The founder of the Haqqani network, one of Afghanistan’s most effective and feared militant groups, has died after a long illness, their allies the Afghan Taliban announced Tuesday.
Jalaluddin Haqqani, whose son Sirajuddin Haqqani now heads the brutal group and is also the Taliban’s deputy leader, died “after a long battle with illness”, the Taliban said in a statement.
Jalaluddin “was from among the great distinguished Jihadi personalities of this era,” the Taliban said in the English version of its statement posted on Twitter.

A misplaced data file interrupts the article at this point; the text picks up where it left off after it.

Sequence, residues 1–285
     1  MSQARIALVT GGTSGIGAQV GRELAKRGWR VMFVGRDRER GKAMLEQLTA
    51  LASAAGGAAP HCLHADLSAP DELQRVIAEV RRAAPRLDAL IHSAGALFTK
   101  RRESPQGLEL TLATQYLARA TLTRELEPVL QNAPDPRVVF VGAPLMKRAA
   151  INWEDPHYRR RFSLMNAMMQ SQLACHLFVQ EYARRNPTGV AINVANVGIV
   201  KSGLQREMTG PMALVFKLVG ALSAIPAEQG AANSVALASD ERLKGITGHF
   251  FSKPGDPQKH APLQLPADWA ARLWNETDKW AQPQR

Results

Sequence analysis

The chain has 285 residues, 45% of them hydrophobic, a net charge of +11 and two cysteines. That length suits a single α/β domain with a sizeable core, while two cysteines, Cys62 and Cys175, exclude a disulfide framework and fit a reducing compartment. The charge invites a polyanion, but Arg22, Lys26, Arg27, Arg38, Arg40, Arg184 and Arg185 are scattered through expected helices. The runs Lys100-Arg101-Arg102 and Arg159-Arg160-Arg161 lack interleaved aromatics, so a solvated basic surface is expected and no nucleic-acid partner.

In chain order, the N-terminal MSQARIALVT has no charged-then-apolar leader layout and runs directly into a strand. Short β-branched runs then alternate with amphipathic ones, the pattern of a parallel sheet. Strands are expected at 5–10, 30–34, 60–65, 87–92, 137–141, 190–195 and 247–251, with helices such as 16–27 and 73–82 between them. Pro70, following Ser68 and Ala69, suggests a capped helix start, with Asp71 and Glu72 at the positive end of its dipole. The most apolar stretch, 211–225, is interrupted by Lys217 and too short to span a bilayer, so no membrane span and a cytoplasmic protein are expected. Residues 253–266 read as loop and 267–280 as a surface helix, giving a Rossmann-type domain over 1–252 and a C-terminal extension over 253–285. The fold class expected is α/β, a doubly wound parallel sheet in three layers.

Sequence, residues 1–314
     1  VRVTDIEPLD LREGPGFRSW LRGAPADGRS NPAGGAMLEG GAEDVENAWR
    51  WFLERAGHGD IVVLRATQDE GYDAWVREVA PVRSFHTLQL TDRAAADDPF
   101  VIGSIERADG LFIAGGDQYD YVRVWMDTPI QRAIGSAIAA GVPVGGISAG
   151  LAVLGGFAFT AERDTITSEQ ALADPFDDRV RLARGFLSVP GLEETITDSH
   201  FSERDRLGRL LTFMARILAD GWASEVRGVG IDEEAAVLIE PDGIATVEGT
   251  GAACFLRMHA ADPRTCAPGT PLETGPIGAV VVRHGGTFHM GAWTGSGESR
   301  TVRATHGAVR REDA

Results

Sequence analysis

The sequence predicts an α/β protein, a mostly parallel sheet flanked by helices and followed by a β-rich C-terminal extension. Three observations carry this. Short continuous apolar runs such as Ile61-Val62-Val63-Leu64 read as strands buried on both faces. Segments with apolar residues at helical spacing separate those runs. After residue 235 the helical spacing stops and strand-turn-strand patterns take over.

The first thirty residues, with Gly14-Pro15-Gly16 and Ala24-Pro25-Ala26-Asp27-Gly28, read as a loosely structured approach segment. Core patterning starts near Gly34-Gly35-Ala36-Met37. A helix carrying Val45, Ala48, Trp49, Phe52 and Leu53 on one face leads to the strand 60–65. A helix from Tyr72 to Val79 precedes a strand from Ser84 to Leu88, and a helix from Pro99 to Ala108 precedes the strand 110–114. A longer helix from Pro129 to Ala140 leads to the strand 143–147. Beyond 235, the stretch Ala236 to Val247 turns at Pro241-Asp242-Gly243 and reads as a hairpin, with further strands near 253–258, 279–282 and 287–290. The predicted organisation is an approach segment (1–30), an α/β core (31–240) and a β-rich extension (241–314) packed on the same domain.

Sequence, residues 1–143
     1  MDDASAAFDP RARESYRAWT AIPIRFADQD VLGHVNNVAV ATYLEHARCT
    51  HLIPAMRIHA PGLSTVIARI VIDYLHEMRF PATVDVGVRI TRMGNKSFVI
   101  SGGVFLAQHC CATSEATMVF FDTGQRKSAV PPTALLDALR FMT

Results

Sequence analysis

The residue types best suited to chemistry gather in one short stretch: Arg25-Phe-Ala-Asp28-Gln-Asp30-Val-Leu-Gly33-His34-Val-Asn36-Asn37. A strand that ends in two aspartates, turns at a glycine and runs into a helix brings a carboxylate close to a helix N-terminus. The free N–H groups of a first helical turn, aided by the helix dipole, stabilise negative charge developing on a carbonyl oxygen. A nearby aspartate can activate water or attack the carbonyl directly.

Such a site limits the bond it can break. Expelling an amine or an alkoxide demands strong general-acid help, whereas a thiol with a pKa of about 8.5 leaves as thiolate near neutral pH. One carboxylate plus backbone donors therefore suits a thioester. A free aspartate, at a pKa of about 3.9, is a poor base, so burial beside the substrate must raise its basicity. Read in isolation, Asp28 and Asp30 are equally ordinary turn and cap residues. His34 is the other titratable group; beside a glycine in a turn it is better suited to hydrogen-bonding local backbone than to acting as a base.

He was an Afghan mujahideen commander fighting the Soviet occupation of Afghanistan in the 1980s with the help of the US and Pakistan.
Jalaluddin gained notoriety for his organisation and bravery, garnering attention from the CIA and a personal visit from US congressman Charlie Wilson.
A fluent Arabic speaker, Jalaluddin also fostered close ties with Arab jihadists including Osama Bin Laden who flocked to the region during the war. Later, Jalaluddin became a minister in the Taliban regime.